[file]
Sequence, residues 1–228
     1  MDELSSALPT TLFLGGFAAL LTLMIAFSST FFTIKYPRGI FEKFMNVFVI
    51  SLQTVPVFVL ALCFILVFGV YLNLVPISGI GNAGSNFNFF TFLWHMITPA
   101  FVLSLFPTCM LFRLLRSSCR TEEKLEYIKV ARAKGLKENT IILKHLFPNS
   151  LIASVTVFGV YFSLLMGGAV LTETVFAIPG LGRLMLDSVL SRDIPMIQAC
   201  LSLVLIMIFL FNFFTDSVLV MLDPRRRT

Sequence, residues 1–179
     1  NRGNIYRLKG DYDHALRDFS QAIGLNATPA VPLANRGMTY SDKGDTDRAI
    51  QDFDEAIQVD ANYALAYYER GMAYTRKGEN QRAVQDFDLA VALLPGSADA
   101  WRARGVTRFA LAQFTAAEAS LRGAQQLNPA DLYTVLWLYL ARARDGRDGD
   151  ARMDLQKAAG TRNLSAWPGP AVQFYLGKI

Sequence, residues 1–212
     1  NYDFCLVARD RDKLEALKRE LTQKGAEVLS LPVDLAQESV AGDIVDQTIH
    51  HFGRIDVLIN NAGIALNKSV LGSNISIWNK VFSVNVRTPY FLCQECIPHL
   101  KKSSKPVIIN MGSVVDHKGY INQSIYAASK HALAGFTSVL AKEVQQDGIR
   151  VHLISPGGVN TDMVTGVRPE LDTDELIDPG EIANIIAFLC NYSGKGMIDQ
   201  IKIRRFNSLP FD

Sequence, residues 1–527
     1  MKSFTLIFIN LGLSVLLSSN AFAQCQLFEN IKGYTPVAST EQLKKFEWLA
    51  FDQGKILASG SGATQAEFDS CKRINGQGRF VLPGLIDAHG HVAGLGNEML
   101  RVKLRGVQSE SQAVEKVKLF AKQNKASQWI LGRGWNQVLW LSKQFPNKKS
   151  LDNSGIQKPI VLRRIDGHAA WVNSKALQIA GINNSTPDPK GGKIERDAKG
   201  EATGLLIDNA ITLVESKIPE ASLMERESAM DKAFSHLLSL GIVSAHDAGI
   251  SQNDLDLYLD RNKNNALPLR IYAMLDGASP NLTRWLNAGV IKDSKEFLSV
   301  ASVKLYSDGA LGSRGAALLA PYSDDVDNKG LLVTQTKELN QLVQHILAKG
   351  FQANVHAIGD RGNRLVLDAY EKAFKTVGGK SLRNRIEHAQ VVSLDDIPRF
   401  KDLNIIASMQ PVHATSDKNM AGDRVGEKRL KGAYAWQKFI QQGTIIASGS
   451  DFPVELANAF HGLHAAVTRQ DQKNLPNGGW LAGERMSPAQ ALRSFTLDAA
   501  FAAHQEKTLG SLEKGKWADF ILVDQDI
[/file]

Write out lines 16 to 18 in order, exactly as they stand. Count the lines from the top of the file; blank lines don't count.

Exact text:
   151  VHLISPGGVN TDMVTGVRPE LDTDELIDPG EIANIIAFLC NYSGKGMIDQ
   201  IKIRRFNSLP FD

Sequence, residues 1–527